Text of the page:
On the Amano web site, Art Pollard comments about chocolatier Michel Cluizel, whose tablets are available in many premium gourmet retail stores.

“I have always enjoyed Michel Cluizel [chocolate],” Pollard says. “They have always produced a very exceptional chocolate…”

“Cluizel for me represents a company that has been able to grow and yet remain true to its roots.”

While this may be true, I have just tasted a sampler of every single, single-origin chocolate made by Amano and can report to napaman readers that Amano is equal, or superior, to, any chocolate, which Michel Cluizel makes.

Amano - Art Pollard

Amano founder Art Pollard stands beside his “melangeur,” built in Germany about 80 years ago.

Pollard continues: “We have used organic beans for some of our chocolate, but our primary focus is on flavor, so to some degree, we consider [organic] a side issue. It is not that sustainable farming practices are not important— they are. It must be understood [however] that the term ‘organic‘ has been, to some degree, hijacked by the US Government, and it now means what the government wants it to mean.”

“For example, if a farm has a sustainability program in place and fulfills all the requirements of being “organic” but has not paid to have a government-approved inspector give the US Government’s stamp of approval, it is not considered “organic,” even though, for all practical purposes, it is.”

Pollard goes on: “It is our experience that most cocoa that has been certified ‘organic’ simply does not have the quality we demand, and while sustainability is important to us, labels are not.”

Right on, Art! And the proof is in the tasting. I tried eight different single-origin tablets, which I requested from Clark Goble (that’s Goble, not Gable!), Art’s business partner. Here are my tasting notes:

Amano - Ocumare

Ocumare 70% Dark, made from handpicked, criollo cacao beans, harvested in a remote valley in Venezuela. Definitely my favorite Amano chocolate.

Ocumare is more complex than a Dan Brown novel, which may not be such a high hurdle to jump, when you think about it, but each bite lingers infinitely longer in your mind than anything Brown has written.

Occumare has a smoky scent on the nose and a complex flavor release, suggestive of oak barrels, Asian spices and forest floor.

This is to chocolate in richness of depth and color what Guinness is to beer. In a league of its own. 96 points.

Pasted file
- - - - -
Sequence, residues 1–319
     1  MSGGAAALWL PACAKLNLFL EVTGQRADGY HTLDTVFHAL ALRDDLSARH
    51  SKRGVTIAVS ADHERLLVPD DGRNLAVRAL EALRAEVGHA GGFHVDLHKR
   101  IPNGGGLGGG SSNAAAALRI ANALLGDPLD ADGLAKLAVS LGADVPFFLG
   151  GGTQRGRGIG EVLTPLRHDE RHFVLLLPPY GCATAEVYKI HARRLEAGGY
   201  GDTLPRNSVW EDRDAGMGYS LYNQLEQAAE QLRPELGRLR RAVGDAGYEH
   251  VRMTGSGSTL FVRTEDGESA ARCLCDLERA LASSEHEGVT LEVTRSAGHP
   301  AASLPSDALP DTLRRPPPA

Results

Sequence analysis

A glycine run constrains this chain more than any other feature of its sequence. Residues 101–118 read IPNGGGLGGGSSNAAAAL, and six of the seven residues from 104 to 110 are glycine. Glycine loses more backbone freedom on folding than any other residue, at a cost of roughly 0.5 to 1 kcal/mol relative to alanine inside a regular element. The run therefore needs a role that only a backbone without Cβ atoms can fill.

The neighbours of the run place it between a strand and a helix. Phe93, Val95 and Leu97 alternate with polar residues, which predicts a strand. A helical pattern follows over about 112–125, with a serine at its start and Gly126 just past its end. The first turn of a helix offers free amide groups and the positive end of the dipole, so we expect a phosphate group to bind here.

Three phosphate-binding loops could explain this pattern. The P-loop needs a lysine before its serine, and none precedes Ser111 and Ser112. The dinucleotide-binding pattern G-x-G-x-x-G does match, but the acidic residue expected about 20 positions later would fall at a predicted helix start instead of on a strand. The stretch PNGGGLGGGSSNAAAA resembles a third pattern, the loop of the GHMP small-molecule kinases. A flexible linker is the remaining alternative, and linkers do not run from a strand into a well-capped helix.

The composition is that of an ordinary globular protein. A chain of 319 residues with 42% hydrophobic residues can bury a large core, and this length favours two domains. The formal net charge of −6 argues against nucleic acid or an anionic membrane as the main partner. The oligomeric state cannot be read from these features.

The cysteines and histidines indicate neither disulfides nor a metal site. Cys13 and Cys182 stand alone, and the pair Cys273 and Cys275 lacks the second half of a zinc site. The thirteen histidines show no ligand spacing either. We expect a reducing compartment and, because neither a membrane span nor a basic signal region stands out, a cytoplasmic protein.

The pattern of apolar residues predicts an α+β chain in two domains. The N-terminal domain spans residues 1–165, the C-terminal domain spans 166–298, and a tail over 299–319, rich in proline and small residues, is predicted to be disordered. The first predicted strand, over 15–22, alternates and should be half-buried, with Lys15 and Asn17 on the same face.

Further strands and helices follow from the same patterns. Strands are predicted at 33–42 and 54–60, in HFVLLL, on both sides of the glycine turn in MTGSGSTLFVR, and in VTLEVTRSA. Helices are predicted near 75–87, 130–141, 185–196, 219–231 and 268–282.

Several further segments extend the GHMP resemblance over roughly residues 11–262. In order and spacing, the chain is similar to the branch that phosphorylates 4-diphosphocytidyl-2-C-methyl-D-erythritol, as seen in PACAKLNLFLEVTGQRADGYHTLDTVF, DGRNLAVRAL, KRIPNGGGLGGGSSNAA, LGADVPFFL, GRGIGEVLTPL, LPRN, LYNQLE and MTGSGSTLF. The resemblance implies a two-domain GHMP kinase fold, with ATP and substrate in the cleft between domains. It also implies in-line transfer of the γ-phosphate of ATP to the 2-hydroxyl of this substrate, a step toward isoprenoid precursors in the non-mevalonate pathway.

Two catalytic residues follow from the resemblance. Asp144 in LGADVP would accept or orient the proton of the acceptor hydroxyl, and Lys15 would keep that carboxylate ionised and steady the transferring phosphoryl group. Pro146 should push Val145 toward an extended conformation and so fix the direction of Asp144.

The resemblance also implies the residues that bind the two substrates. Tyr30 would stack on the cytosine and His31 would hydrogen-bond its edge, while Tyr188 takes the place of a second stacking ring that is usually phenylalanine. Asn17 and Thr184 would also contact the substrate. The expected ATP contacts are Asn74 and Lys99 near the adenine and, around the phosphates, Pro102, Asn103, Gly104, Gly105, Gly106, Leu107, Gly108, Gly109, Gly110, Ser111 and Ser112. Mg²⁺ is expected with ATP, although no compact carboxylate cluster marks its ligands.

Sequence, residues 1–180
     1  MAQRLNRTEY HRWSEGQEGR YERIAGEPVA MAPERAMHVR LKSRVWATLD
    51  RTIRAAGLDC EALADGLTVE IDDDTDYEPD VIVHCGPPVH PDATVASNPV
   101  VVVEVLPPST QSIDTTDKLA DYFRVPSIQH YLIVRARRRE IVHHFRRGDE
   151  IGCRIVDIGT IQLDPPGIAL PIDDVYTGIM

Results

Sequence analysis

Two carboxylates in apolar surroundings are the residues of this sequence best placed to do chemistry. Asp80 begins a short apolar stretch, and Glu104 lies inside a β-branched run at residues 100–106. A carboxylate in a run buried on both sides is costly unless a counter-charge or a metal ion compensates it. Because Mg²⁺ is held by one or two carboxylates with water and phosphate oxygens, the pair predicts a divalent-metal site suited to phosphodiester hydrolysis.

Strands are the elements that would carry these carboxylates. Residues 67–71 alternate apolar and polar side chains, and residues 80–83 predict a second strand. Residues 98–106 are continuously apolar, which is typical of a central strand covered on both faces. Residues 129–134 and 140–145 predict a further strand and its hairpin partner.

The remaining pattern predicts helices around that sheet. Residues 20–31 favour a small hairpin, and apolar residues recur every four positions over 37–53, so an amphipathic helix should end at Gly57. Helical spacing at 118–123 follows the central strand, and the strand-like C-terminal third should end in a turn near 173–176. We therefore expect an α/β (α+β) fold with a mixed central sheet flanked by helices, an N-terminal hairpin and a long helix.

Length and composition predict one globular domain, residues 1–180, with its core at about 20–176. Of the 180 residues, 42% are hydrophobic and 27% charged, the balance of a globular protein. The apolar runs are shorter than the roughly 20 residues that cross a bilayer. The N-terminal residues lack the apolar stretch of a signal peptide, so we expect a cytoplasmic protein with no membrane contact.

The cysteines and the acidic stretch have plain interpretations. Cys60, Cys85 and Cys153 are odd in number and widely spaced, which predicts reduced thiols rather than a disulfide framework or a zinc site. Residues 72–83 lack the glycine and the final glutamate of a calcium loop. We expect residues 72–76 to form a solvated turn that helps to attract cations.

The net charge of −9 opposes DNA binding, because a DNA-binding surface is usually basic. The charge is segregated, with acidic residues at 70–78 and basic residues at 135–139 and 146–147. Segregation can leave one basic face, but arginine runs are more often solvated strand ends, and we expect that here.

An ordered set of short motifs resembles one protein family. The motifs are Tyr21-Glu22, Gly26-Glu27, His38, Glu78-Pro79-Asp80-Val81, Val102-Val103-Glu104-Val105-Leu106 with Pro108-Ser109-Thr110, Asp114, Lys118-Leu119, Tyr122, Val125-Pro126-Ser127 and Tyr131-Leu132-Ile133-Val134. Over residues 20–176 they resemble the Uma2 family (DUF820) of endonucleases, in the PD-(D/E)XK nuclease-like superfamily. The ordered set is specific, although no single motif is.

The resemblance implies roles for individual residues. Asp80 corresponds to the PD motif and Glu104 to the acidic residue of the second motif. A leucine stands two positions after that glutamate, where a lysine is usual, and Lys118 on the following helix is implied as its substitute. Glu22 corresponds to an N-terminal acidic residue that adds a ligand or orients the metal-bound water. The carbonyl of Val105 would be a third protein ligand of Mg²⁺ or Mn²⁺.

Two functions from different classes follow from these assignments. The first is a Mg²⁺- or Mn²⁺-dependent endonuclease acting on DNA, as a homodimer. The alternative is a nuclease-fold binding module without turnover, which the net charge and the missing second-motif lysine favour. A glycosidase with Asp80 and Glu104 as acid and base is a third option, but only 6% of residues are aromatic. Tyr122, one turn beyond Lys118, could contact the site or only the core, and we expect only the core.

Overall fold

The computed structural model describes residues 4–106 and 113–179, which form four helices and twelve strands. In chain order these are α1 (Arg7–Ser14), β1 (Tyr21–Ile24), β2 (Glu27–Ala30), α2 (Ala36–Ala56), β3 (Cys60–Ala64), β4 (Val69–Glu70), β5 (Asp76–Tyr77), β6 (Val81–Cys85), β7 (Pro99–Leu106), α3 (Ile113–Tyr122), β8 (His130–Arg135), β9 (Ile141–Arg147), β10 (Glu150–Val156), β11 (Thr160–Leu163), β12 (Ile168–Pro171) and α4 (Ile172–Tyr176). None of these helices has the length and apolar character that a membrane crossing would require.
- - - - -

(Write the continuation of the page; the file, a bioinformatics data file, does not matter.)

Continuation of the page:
Amano - Montanya

Montanya 70% Dark comes from a high plateau in the mountains of Venezuela. The altitude and lower nighttime temperatures create a chocolate with unique flavors. I love the aroma, which is released when you peel back the gold foil; the flavor and texture of this tablet are no less memorable.

On the initial melt on the tongue, there are hints of vanilla and exotic woods like mahogany and ebony; the flavors are accompanied by a voluptuous mouthfeel. This is Chocolate Nirvana. 94 points.

Amano - Jembrana

Jembrana 70% Dark, whose cacao beans come from the Indonesian island of Bali, is different from other Amano chocolates. This chocolate starts without the smoke, earth, or grit, of the other Amano offerings. Instead, this tablet has a lovely, lyrical chocolate-y-ness that ends with light acidity. It’s almost a refreshing chocolate. Think of it as a chocolate-pick-me-up when your palate is fatigued from eating too much chocolate!

92 points.

Amano - Guayas

Guayas 70% Dark is another of my favorite Amano chocolates, made from nacional cacao beans from the fertile Guayas River floodplain in Ecuador. Lots of smoke, green banana and a hint of berry at the finish. This is what I would eat in a darkened cinema, if I were watching any of the four Indiana Jones flicks because this chocolate has the same kind of foreign intrigue, hints of daredevil effort and – better yet! – daredevil achievement! 91 points.

Amano - Dos Rios

Dos Rios 70% Dark is made from cacao beans harvested in the Dominican Republic. On the initial melt, there is a hit of grit texturally, followed by the slow release of smoky, almost BBQ-like, flavors, which mature in the middle palate.

One of the most individual, almost bohemian, flavor profiles of all the chocolates in the Amano line. 92 points.

Amano - Madagascar

Madagascar 70% Dark, made from cacao beans from – duh – Madagascar. This chocolate has a very noticeable reddish tint; upon melting, the flavors released include those of volcanic, red, iron-y soils, there’s a hint of slightly under-ripe red berries and a few waves of youthful wine tannin. The chocolate ends with a plum-like finish.

89 points.

Amano - Jembrana Milk

Jembrana Milk 30% Milk Chocolate is produced from cacao beans, which grow in the shadows of ancient volcanoes on the island of Bali. These are the same beans used to produce the 70% dark chocolate Jembrana tablet, but here, milk and sugar are added to bring the tablet down to the LCCD– the Least Common Chocolate Denominator, AKA milk chocolate. 91 points.

Amano - Ocumare Milk

Ocumare 30% Milk Chocolate is made from the same beans used to produce dark Ocumare chocolate, but they’re lightened with milk and sugar. I personally find this milk chocolate offering too sweet for my taste, but in a world of mediocre milk chocolates, this one stands out as pretty good. 90 points.